Cell Division and Multicellular Life Cycles.
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Typically we learn that meiosis is for producing gametes and mitosis for producing cells for growth repair and asexual reproduction. In truth the situation is more complex even among many very familiar kind of organisms. First of all, many one celled organisms spend much of their lives as haploid, rarely or never producing diploid cells and undergoing meiosis. Here I show you three basic multicellular life cycles that illustrate how mitosis and meiosis fit in to the life cycles of different major groups of organisms.
In the animal life cycle the only multicellular stage is typically diploid. For example, humans have 46 chromosomes in their diploid cells. We produce gametes from specialized diploid cells called germ cells and the gametes, being haploid are produced by meiosis. Two gametes fuse to form the diploid zygote which then undergoes mitosis to produce daughter cells which also differentiate into different cell types.
Even within the animals there are a number of biologically interesting wrinkles. For instance in bees ants and wasps the male is haploid and the females diploid. Thus the male gametes are produced by mitosis(actually a highly modified form of meiosis) and the female gametes by regular meiosis!
Eventually an immature animal is produced and this in turn develops into an adult animal.
Plants have a radically different life cycle called alternation of generations. The mature fern plant for example is a diploid multicellular stage called a sporophyte. Special structures in the sporophyte(in the fern these are called Sori) have cells that undergo mitosis to produce haploid spores.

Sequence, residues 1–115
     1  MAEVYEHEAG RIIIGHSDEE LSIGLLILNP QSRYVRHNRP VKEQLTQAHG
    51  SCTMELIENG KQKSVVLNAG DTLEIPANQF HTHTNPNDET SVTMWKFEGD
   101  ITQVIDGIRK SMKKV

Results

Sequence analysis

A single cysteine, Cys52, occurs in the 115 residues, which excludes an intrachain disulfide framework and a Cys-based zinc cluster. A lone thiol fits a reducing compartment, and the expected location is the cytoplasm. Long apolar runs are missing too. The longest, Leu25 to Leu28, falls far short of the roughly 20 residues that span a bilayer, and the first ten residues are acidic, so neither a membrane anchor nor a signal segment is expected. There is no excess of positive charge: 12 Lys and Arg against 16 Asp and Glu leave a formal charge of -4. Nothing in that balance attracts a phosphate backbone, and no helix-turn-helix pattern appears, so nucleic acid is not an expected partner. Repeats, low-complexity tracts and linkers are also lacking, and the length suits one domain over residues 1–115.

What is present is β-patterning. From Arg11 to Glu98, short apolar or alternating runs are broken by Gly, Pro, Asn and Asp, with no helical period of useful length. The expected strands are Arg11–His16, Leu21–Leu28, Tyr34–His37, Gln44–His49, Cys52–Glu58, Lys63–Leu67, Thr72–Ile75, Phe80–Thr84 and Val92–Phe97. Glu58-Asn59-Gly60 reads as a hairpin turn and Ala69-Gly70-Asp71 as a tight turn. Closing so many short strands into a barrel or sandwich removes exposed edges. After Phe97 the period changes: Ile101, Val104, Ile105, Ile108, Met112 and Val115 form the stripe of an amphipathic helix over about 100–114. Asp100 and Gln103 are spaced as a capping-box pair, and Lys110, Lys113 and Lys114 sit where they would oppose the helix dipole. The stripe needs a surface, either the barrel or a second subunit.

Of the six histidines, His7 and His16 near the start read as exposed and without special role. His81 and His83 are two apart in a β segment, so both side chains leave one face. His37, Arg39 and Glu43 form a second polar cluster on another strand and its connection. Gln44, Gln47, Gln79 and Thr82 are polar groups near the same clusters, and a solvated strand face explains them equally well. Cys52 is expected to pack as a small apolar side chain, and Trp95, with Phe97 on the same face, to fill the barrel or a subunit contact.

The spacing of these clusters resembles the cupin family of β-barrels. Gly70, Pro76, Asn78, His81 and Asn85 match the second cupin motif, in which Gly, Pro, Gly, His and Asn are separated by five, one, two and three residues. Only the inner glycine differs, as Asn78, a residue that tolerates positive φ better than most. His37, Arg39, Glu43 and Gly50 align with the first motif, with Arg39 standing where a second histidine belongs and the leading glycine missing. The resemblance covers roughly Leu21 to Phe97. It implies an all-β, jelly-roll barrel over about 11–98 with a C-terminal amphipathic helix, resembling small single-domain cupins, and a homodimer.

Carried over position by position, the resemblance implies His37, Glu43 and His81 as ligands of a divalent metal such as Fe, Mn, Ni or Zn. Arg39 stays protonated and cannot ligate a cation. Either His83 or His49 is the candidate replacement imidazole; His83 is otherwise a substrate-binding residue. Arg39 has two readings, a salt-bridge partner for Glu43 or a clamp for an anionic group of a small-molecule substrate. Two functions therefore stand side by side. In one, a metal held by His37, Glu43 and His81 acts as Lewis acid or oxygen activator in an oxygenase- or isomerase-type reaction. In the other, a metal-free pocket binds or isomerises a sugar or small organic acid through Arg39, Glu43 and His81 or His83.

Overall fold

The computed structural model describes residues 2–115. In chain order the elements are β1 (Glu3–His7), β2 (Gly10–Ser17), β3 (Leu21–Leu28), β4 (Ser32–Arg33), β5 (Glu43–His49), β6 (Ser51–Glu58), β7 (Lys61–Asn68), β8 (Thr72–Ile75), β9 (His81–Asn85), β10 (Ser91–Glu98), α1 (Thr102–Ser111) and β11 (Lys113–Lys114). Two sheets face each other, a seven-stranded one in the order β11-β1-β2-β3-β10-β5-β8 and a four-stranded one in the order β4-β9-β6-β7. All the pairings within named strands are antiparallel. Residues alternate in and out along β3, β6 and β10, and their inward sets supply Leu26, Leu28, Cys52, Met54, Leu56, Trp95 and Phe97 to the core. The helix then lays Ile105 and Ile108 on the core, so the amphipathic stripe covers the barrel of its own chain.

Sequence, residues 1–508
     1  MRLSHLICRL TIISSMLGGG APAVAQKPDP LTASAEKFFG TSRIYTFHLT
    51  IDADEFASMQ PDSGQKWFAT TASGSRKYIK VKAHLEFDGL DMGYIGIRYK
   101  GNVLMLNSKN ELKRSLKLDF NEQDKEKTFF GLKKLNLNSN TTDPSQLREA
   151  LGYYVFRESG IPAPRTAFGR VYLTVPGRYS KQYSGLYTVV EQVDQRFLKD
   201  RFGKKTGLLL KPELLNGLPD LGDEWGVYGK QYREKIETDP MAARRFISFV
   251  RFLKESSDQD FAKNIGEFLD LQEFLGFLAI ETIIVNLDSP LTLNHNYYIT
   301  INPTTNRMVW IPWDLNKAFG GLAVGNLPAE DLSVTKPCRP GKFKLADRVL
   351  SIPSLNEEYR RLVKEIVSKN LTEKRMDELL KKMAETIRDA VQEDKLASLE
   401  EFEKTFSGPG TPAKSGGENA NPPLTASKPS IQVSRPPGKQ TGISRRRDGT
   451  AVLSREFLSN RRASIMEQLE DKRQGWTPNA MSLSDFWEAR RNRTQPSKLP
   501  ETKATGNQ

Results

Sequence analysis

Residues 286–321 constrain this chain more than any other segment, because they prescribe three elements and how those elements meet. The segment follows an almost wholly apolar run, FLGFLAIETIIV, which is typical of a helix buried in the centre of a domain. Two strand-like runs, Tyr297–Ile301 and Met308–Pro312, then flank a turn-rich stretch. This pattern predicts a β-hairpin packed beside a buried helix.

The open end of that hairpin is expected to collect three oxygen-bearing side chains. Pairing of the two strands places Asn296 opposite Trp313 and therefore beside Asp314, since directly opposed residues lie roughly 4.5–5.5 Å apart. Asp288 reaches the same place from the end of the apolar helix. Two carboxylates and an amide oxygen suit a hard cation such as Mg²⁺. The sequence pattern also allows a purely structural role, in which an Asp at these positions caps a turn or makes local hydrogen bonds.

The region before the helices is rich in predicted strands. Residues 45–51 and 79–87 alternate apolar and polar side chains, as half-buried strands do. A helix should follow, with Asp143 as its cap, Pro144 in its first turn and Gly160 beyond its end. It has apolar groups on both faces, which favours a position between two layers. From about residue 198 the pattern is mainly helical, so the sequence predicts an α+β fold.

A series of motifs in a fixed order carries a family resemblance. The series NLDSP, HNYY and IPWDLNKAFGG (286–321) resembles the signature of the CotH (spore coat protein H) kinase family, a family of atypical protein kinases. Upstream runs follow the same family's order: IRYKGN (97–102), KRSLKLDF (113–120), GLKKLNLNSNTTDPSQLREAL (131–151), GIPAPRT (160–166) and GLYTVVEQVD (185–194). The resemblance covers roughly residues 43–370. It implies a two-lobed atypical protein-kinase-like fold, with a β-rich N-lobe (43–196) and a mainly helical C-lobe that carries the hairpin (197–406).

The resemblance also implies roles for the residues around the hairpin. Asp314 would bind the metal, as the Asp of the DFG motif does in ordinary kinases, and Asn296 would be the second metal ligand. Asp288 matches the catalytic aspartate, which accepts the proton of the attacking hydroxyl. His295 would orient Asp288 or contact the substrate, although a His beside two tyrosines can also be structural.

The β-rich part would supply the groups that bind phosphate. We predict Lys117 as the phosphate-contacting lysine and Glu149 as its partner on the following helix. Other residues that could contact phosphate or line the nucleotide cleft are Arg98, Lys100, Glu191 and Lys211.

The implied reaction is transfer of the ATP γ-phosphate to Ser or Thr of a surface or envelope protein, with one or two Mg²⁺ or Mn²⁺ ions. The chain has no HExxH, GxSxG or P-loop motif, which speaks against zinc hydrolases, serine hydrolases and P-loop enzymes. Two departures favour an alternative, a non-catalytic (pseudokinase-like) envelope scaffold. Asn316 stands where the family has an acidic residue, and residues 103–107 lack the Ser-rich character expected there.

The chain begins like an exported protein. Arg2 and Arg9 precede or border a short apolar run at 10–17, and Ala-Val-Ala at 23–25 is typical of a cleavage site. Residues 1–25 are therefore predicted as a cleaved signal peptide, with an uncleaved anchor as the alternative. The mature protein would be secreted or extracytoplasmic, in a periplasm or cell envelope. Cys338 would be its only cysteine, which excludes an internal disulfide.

The spores are not gametes because they are carried away by the wind, land in a moist area and germinate. By mitosis the resulting cell develops into a multicellular gametophyte. Special structures in the gametophyte produce gametes by mitosis. One gamete is smaller and capable of swimming(at least in ferns) and swims to the other gamete to form a zygote. The zygote undergoes mitosis and development to form a new diploid sporophyte.
In flowering plants the same basic alternation of generations happens but it is highly modified. For instance the flowers and trees you see every day are sporophytes. The sore production and the female gametophyte are hidden from view inside the plant. The only obvious hint of a gametophyte is pollen, which is believed to correspond to a male gametophyte.
Fungi can have very complicated life cycles but the standard fungus life cycle includes a multicellular or colonial haploid stage. This stage is in the form of a fibrous mass called a mycelium and each of the fibers is called a hypha.
Fungus life cycles also include the presence of genetically different mating strains. These look alike but the cells of the hypha. can tell them apart. What's critical for mating is that unlike mating strains (- and+) get together and their nuclei fuse to form the diploid zygote.
The zygote often develops into a resistant thick walled structure often called a zygospore. When conditions are ripe the cell in the zygospore produces sexual sores by meiosis. These are haploid and are dispersed through the air. When they land in a suitable spot such as bread in your bread box, the spores germinated and develop into new hyphae.
Also, the hyphae. will develop specialized structures that produce asexual spores by mitosis.
The key thing is that there is no true diploid multicellular stage in fungi. Even in mushrooms, the fruiting body that we see above ground is not diploid. The mushroom forms when hyphae. of different mating strains fuse to form a special type of cell with two separate nuclei one from each of the original mating strains. These cells are called not diploid by dikaryotic since the nuclei don't fuse.
Mushroom spores are produced by specialized dikaryotic cell in which the nuclei now fuse, produce a standard diploid zygote which then undergoes meiosis to produce spores.
pgd 8/1/99 revised 5/2/02